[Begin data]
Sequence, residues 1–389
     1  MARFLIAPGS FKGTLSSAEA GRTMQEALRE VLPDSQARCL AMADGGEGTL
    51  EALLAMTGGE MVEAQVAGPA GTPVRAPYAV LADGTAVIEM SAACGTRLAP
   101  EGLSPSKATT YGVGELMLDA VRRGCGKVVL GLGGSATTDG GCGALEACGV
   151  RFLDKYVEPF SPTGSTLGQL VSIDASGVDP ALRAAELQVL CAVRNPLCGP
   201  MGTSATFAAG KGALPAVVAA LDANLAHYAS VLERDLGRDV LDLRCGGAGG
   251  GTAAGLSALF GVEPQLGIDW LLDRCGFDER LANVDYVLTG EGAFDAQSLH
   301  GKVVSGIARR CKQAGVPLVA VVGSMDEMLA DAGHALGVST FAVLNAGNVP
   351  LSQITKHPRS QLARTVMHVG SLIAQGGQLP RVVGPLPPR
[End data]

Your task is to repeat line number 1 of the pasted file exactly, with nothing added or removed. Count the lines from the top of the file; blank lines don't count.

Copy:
Sequence, residues 1–389